Willem de Kooning

Dutch-American painter, born in Rotterdam, Netherlands.

He worked in a commercial art firm and attended art evening classes before emigrating to New York in 1926.

In the mid 1940s he emerged as, with Pollock, the creator of American abstract expressionism.

For years he had painted figures, balancing an Ingres-like conception of form with an anti-classical view of the painting as a dialogue between painter, materials and marks.

John Ciraham and Gorky guided him towards a style of spontaneity and risk.

By 1945 his figures were spread across the canvas as fragments of anatomy close to abstraction. His first solo exhibition, in 1948, was of black-on-white and white-on-black paintings, suggesting anatomies but seen principally as energetic and impassioned brushstrokes. The control and taste demanded by them has become more apparent over time.

Recognized by the end of the 1940s as a key figure in the new painting, De Kooning shocked his admirers in 1953 bv showing figure paintings again, crude images of big women that marked him a traitor to the movement. Time has shown that they represent a fusion of his earlier figure painting with his more expressive manner; the humor in them is still admitted only reluctantly.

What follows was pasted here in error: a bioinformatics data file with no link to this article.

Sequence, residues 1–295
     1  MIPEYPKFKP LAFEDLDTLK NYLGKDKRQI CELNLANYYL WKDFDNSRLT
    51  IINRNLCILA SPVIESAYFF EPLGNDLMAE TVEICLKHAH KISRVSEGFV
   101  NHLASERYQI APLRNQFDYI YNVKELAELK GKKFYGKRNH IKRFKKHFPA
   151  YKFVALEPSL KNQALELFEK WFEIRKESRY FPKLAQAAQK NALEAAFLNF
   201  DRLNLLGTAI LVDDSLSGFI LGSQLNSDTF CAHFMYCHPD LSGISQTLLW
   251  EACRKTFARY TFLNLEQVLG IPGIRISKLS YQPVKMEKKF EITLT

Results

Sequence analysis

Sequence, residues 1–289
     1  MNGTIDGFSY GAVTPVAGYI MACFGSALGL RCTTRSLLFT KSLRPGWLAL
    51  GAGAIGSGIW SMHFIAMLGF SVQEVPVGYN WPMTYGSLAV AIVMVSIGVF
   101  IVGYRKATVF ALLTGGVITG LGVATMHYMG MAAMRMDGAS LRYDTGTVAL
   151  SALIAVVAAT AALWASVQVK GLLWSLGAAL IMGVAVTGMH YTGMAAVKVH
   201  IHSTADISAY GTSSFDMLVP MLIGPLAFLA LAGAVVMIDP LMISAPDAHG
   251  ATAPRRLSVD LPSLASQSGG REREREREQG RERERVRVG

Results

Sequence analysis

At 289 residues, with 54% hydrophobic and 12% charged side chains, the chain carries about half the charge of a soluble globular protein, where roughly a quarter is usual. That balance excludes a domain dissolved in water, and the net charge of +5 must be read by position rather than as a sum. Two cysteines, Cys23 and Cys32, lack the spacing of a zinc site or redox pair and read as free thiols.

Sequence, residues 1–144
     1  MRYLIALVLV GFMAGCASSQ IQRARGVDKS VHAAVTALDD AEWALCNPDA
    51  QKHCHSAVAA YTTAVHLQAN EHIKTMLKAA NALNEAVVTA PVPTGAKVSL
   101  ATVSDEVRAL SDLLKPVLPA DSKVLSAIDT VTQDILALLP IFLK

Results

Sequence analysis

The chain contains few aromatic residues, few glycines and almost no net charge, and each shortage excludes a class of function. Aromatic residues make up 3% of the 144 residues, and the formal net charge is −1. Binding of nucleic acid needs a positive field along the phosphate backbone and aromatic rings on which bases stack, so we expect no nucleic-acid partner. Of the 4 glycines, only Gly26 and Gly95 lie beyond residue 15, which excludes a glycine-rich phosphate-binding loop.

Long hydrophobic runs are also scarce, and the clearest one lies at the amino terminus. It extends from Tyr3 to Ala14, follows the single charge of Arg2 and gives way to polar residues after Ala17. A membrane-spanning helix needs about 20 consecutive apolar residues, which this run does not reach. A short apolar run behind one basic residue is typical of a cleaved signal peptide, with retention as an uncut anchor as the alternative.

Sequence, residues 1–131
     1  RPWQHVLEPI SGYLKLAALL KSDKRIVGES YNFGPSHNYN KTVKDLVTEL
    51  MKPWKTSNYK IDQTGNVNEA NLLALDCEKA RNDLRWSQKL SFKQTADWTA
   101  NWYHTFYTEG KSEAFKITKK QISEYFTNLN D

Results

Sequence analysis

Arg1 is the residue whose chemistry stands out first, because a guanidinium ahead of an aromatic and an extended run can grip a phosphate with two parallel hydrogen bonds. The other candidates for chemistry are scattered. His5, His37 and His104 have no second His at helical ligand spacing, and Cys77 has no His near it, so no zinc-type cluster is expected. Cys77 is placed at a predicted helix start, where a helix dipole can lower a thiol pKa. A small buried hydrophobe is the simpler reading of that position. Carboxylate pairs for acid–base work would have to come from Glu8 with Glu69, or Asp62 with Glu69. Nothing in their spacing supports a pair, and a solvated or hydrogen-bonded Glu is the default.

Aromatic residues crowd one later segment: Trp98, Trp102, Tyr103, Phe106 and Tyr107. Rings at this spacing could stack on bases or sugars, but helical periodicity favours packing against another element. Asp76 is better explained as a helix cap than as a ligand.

From about 1955 on, he also painted grandiose quasi-abstract landscape images in resonant colours. Figures and places have continued to be his themes.

In 1969, he began to make figure sculptures, clay coagulations which take tin great presence in bronze and, like the painted women of about 1952, hover precariously between joke and awesome monument.

The vividness and brilliant management of his work have kept it in the forefront of American art. Since the later 1950s, Kooning was an international star, exhibiting solo and in mixed exhibitions around the world.

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